Celsiana (Damask prior to 1750) … This is a very large shrub just full of buds and ready to explode any day now. The fragrance of this rose is over the top! It is a one-time bloomer, but soooo worth it.
Lady Salisbury (David Austin) … Look at all those buds! I just cannot wait to see the delicate blooms of this rose. Hopefully, I will have pictures to share in a few days.
Felicite Parmetier (Alba 1830s) … This is another one-time bloomer but the fragrance is out of this world!
Biltmore Rose Trials … Who will be the winner?
The Biltmore International Rose Trial is coming up next weekend! I have the honor of being a judge for the wonderful event under the direction of Paul Zimmerman. For more on the rose trials, read on here.
The Rose Chat Crew checking out the winners.
Miracle on the Hudson
Chris VanCleave, Lynn & Chris Hunt, Me
Me and Mr. G
Pat Shanley (ARS VP) & Jolene Adams (ARS President)
Lucas Jack, Christ Van Cleave, Teresa Byington, Paul Zimmerman
Click on any of the pictures in this group to start the gallery feature.
If you are going to be at the Biltmore next weekend, let me know so we can meet up. The Rose Chat crew will be there and we’d love to see you.
INDIANAPOLIS ROSE SOCIETY MEETINGS (All meetings are open to the public and we’d love to see you there!)
SAT, JUNE 20, 4 PM
PROGRAM: Mark Nolen—Preparing Roses for a Rose Show
Mark, winner of numerous rose show awards including last year’s Queen of Show, will take us through the steps he takes to get his roses ready for a rose show. Don’t miss the opportunity to see Mark and Cathy’s beautiful garden.
POP BOTTLE DISPLAY: Bring your roses for “show and tell.”
SAT, JUNE 27 / 5 pm
GARDEN TOUR / PITCH-IN: Nick & Anne Stanley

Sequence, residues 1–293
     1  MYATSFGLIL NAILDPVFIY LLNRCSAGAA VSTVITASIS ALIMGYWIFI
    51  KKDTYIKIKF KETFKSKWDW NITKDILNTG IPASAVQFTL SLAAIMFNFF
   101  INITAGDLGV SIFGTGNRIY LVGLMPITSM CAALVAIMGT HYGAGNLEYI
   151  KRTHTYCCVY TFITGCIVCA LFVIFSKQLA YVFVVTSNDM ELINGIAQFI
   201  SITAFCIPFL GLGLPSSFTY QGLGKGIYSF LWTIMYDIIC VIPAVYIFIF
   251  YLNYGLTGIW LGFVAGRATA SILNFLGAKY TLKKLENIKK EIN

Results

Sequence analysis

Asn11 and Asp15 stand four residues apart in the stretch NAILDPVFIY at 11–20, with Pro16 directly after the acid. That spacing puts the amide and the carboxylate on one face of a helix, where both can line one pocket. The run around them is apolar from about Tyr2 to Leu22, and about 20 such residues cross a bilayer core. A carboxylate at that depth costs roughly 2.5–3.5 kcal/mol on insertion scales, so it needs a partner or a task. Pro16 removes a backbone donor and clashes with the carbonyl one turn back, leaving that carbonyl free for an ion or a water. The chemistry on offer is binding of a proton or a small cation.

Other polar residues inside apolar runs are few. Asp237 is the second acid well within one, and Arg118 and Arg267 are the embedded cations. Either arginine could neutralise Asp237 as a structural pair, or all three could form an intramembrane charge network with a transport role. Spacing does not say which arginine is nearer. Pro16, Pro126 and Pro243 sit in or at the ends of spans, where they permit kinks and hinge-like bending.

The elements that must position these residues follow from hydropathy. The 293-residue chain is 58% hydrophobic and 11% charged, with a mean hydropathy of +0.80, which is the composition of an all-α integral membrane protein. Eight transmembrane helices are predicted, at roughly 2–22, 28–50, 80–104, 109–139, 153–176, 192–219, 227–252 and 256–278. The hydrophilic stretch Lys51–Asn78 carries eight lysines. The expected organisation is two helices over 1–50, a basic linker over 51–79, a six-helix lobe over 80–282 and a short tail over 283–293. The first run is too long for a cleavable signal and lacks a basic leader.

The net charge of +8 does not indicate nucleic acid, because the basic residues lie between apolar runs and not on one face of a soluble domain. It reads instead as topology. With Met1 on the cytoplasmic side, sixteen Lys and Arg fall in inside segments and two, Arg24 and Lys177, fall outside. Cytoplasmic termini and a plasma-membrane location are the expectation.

A wonderful opportunity to see one of the areas most beautiful gardens.
POP BOTTLE DISPLAY: Bring your roses for “show and tell.”
On November 20, 1986 President Ronald Reagan signed a resolution making the rose the national floral emblem at a ceremony in the White House Rose Garden…
“Americans have always loved the flowers with which God decorates our land. More often than any other flower, we hold the rose dear as the symbol of life and love and devotion, of beauty and eternity. For the love of man and woman, for the love of mankind and God, for the love of country, Americans who would speak the language of the heart do so with a rose.”
The Fairy Rose is a pink Polyantha rose that is part of a select group of roses designated as Earth Kind. (Read more about Earth Kind here.) This lovely little rose is disease resistant and can take the heat! It just keeps blooming even during those hot, hot, hot days of summer! You can also expect the blooms to fade to almost white as the heat climbs!
I have this rose in the ground and love it’s free flowing shape and how it moves and grooves in and out of the companion beside it but I hear it does very well in containers too.
The Fairy is hardy in Zones 4b through 9b and grows to about 3′ wide and tall.
Gene Boerner is a beautiful, profusely-blooming floribunda with pointed exhibition form.
This rose was named for Eugene Boerner who many believe had much to do with the development of the floribundas we have today. He was hired by Jackson & Perkins in 1920 and spent his entire career with them. I think he would be very happy with the rose that bears his name. It has exquisite form, is disease resistant and is rarely without bloom.
The Grande Dame is a lovely and very fragrant hybrid tea.
Here’s what Weeks Roses has to say about this 2011 release…
“Everything old is new again … or is it the other way around?
Here’s a clean mean flowering machine whose big bountiful beauties reek with old rose romance, style & fragrance. Each lovely blossom invites you to bury your nose…to swoon from the perfume of the ‘old time’ roses of your dreams. A big vigorous ‘shrubby’ bush whose nodding clusters, abundant deep-green leaves & low-thorned cutting stems provide a perfect touch to a landscape or bouquet.”
This is my 3rd year to grow the Grande Dame and she always gets noticed.
This rose is a modern bloomer with old world charm and mixing old and new is what my garden is all about!
Mary Rose blooms have lovely old rose form and strong old rose fragrance-with a hint of honey says David Austin “Rose Nose” Michael Marriott.
It is considered one of the most widely grown English Roses. This rose is a very strong bloomer for me and does very well in my mixed rose border. I do keep my eye on her for signs of black spot. It can happen!
This lovely rose is one of the first to bloom in the spring and also will bloom way into the fall!